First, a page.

Australians reported a record $3.1 billion lost to scams last year. That's 80% more than the year before! As Scams Awareness Week 2023 unfolds, it is crucial for Australians to be well-informed and vigilant in protecting themselves from the ever-evolving landscape of online scams. With the increasing prevalence of online transactions and the increasing sophistication of scammers, understanding legal measures to avoid falling victim to scams has never been more critical. Here are some of our tips to avoiding online scams.

Stay informed about common scams

Knowledge is your first line of defence. Be aware of the common scams circulating in Australia. Whether it's phishing emails, fake invoices, or romance scams, staying informed empowers you to recognise potential threats. Government websites and law enforcement agencies regularly update information about the latest scams, providing valuable insights to help you navigate the digital landscape safely.

Verify the legitimacy of a business

Before making any financial transactions, especially online, verify the legitimacy of the businesses involved. Check for an Australian Business Number (ABN) and look for reviews or testimonials. Legitimate businesses have a traceable online presence and a reputation to uphold. If something seems off, it's better to be cautious and investigate further before providing any personal or financial information.

Secure your personal information

Guarding your personal information is paramount. Be cautious about sharing sensitive details online, especially on social media platforms. Scammers often use personal information to craft convincing phishing attempts or commit identity theft. Legitimate organisations will never ask for your passwords, credit card details, or other sensitive information via email or unsolicited messages.

Use secure payment methods

When making online transactions, opt for secure payment methods. Credit cards and reputable online payment platforms offer additional layers of security and fraud protection. Avoid transferring money through unconventional methods, such as wire transfers or gift-cards, as these are often preferred by scammers due to their irreversibility.

Be skeptical of unsolicited communications

Scammers often initiate contact through unsolicited emails, phone calls, or messages. Be skeptical of unexpected communication, especially if it involves urgent requests for money, personal information, or access to your computer. Legitimate organisations will not pressure you into immediate action, and they will provide verifiable contact information for you to reach out independently.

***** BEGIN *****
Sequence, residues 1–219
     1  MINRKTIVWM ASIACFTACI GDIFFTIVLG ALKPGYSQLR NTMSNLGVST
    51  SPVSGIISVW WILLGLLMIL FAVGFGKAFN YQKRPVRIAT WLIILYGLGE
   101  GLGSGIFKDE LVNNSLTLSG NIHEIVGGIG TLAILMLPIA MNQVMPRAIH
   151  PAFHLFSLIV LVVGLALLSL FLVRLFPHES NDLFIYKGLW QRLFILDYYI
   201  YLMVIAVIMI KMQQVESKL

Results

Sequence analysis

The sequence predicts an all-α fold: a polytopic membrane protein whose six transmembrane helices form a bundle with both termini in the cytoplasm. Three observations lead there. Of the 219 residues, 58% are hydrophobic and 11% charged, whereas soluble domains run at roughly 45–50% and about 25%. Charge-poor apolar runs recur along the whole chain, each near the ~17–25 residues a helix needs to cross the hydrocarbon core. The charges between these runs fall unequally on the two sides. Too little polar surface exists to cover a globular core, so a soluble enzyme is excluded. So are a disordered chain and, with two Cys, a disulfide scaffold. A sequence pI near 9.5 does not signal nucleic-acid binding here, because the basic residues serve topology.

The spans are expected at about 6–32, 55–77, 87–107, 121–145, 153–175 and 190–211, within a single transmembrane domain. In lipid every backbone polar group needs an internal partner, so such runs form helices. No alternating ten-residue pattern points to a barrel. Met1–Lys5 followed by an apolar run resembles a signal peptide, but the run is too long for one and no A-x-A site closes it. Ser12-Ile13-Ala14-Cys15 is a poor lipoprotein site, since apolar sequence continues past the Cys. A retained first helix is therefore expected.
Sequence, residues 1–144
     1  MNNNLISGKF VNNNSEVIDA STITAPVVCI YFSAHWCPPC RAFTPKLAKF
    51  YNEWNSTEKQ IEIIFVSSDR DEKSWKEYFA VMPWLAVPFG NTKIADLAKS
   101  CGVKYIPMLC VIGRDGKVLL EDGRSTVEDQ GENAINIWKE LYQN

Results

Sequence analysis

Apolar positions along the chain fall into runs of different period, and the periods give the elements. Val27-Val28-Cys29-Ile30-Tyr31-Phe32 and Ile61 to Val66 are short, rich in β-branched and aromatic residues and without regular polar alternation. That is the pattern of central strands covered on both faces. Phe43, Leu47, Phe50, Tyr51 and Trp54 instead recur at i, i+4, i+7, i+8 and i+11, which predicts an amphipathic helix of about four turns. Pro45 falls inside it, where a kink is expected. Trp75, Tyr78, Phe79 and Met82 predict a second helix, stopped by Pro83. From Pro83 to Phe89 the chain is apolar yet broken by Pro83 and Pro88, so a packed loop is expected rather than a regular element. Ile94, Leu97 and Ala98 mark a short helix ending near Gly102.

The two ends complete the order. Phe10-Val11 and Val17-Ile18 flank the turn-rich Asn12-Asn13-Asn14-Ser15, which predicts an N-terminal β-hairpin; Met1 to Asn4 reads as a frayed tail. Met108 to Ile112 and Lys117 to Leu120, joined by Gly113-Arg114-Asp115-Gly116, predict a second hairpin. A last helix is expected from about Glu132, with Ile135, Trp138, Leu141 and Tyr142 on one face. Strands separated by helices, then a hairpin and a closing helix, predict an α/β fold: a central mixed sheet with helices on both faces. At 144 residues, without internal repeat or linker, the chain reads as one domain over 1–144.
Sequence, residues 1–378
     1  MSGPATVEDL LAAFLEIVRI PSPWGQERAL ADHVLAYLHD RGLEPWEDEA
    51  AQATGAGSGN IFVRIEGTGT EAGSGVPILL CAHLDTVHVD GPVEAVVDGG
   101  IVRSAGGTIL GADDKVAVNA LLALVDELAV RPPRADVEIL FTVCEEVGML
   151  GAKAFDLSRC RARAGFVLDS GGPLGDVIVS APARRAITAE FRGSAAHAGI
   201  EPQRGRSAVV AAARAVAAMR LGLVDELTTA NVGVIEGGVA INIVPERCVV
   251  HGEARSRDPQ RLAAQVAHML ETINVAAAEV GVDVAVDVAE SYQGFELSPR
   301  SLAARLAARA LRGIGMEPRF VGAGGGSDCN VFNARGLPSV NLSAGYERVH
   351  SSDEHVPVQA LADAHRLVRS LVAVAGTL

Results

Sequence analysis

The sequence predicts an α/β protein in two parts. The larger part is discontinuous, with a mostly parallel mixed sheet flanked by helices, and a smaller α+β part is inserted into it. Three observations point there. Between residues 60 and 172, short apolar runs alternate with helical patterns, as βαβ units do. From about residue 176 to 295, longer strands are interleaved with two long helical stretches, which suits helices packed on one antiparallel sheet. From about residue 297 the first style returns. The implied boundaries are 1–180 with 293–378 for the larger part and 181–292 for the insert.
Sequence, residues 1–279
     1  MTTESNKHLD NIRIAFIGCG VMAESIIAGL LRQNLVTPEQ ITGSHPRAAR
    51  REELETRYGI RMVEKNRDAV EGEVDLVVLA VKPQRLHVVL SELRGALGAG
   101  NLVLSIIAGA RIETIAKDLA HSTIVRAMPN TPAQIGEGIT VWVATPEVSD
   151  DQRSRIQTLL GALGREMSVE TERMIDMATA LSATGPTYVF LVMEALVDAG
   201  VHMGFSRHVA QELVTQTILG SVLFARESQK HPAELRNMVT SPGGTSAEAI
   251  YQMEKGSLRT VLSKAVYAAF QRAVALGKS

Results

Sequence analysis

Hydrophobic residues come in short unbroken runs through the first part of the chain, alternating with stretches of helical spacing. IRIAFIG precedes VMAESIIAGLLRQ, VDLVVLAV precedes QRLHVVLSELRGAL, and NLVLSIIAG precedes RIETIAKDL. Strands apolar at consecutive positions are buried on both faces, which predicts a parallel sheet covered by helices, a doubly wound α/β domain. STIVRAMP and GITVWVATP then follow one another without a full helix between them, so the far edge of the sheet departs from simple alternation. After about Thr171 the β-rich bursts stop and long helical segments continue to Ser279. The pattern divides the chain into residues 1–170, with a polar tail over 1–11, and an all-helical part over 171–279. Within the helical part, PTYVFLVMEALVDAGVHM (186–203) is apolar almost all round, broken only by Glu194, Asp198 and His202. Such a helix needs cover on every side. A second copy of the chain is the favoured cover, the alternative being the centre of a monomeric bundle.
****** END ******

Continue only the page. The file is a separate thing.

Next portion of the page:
Regularly monitor your accounts

Frequently monitor your bank statements, credit reports, and online accounts for any suspicious activity. Early detection is crucial in mitigating potential damages caused by scams. If you notice any unauthorised transactions or unusual changes, report them to your financial institution and the relevant government authority immediately. If you are concerned that someone is falsely using your identity, ensure that you report your concern to your local law enforcement authorities.

Install and update security software

Protect your devices with reputable security software and keep it updated. Scammers often exploit vulnerabilities in outdated software to gain unauthorised access to your personal information. Regularly updating your security software and operating systems helps safeguard against these potential threats.

Report scams to authorities

Finally, if you encounter a scam or suspicious activity, report it to the relevant authorities. In Australia, the Australian Competition and Consumer Commission (ACCC) operates the Scamwatch website, where you can report scams and find information about the latest scams affecting Australians. Reporting scams contributes to collective efforts in combating fraudulent activities.

Concerned you may have fallen for a hoax? Contact New South Lawyers' commerical lawyers who can offer their professional advice on online scams.

New South Lawyers’ communications are intended to provide commentary and general information. To that end, people should not rely on this communication as legal advice. Accordingly, they should seek formal legal advice for matters of interest arising from this communication.